Where Does $100 to the World Wildlife Fund Go (2020)?
The World Wildlife Fund (WWF) is considered by many to be the leading conservation organization in the world. Established nearly 60 years ago in 1960, the WWF is based in Washington, DC but operates all over the world (in more than 100 countries).
There are 23 voting members (directors) on the governing body (board of directors), 22 of whom are independent. The Form 990 (2019) lists 25 board members (which appears to be due to timing differences), 15 (60%) of whom are male while 10 (40%) are female (note: the form 990 does not report gender identity. Conclusions were made based on name and google searches).
The most recent IRS Form 990 (2019) reports financial information about the organization for the year beginning July 1, 2019 and ending June 30, 2020 (hereafter referred to as 2020). A 501 (c) (3), WWF reports the following information on revenue, expenses, grants, assets, liabilities, and the organization’s net fund balance.
In 2020, total revenue was $286 million (compared to $250 million in 2019 and $257 million in 2018) from the following sources:
- $226 million: Contributions, Gifts, and Grants
- $ 45 million: Government Grants
- $ 15 million: Investment Income, Gains, and Royalties
In 2020, WWF reported spending $267 million – approximately $19 million less than they raised. There are two ways to look at expenses: by broad general category (program expenses, grants, management, and fundraising) and by specific line item expense, with the latter providing more specific detail on expenses.
Expenses by Broad General Category
$267 million in expenses were spent in the following four (4) categories:
- $136 million (or 48% of revenue): Program Expenses
- $ 70 million (or 24% of revenue): Grants
- $ 40 million (or 14% of revenue): Fundraising
- $ 21 million (or 7% of revenue): Management Expenses
Using the above information, every $100 in revenue was spent as follows:
-$ 48: Program Expenses
-$ 24: Grants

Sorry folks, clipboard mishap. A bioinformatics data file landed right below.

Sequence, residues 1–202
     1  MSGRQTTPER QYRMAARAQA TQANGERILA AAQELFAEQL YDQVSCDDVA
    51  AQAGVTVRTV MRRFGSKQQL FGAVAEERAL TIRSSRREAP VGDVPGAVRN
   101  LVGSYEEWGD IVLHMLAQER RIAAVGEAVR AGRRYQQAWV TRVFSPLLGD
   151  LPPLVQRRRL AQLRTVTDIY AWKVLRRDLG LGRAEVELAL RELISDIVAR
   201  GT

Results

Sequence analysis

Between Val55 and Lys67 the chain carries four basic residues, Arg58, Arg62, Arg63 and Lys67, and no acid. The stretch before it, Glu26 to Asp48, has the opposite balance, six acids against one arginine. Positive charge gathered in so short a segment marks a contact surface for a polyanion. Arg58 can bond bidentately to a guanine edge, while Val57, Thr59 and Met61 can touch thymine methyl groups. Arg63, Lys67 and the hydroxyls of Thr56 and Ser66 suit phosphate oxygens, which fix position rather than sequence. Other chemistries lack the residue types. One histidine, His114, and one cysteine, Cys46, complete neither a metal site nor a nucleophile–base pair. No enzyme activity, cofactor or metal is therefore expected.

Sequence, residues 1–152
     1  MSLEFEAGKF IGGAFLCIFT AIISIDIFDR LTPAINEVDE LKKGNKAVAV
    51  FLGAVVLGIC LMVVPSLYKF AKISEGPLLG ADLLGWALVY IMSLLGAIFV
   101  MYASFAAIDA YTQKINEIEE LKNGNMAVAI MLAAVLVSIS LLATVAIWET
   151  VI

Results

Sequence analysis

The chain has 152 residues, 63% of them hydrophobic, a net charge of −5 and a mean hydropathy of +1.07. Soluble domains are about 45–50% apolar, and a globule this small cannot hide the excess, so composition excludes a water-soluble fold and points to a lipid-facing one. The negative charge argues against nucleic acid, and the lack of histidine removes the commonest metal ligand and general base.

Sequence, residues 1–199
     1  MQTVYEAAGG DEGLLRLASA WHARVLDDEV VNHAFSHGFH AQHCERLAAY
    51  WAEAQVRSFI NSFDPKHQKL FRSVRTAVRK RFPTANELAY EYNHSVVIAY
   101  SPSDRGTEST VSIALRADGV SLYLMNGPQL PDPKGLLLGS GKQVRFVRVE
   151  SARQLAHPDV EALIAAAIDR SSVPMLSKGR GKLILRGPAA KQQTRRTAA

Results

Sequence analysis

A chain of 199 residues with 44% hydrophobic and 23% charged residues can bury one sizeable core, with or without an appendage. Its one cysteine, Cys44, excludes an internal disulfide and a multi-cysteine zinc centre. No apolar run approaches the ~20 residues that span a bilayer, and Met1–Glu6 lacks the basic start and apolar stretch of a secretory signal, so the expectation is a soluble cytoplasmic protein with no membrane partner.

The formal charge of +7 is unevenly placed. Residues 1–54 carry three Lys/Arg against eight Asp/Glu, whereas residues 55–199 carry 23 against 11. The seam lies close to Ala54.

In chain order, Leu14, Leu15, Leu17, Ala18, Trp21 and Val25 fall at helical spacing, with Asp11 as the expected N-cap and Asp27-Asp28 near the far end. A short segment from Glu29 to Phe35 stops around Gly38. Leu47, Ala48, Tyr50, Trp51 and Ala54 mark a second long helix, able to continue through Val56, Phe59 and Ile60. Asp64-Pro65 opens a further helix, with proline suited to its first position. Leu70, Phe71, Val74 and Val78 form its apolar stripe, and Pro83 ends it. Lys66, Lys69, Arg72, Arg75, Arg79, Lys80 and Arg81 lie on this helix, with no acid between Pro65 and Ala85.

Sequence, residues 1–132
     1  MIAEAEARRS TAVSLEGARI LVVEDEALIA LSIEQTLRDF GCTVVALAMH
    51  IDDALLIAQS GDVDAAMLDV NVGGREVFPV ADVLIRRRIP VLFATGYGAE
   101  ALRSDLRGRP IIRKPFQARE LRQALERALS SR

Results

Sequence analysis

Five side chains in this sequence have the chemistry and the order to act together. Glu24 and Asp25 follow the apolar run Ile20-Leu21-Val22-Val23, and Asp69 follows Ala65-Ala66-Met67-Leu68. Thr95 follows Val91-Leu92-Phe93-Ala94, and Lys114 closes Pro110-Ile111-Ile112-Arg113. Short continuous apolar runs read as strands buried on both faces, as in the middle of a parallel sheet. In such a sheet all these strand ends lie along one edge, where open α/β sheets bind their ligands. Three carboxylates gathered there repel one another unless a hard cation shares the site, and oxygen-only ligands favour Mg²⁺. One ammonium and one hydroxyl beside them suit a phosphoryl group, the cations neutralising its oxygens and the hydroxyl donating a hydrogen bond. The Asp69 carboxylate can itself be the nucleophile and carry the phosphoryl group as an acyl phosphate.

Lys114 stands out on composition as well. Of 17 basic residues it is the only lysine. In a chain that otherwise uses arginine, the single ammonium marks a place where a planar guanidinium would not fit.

-$72: Subtotal: Program Services and Grants
$ 28: Amount Remaining
-$ 14: Fundraising
-$ 7: Management
-$ 21: Subtotal of Fundraising and Management
$ 7: Unspent Revenue: To General Fund
As illustrated above, WWF spent $93 for every $100 in revenue received with the unspent revenue allocated to the general fund.
At year-end, the WWF had $386 million in net assets (compared to $375 million at the beginning of the year with the difference due to unspent revenue mitigated primarily by unrealizable losses on investments.
Expenses by Specific Line Item Category
$267 million in expenses were spent in the following line item categories:
- $102 million (36% of revenue) : Compensation-related Expenses
- $ 70 million (24% of revenue): Grants
- $ 37 million (13% of revenue): Office-related Expenses
- $ 26 million (9% of revenue): Fees for Services (primarily other)
- $ 12 million (4% of revenue): Other Expenses (royalties, int, dep, and other)
- $ 8 million (3% of revenue): Travel and Conferences
- $ 6 million (2% of revenue): Dues
- $ 6 million (2% of revenue): Advertising and Promotion
It is important to note that of the $26 million in fees paid to outside providers, $19 million is not detailed. In addition, $2.8 million in other expenses are not detailed.
As illustrated above, the largest expense for WWF is compensation-related costs. 677 employees received $102 million in compensation, which equates to an average compensation of $151,000. However, only 264 employees received more than $100,000 in compensation with the most highly compensated reported to be Carter Roberts, the President and CEO who received $1,093,349 in compensation.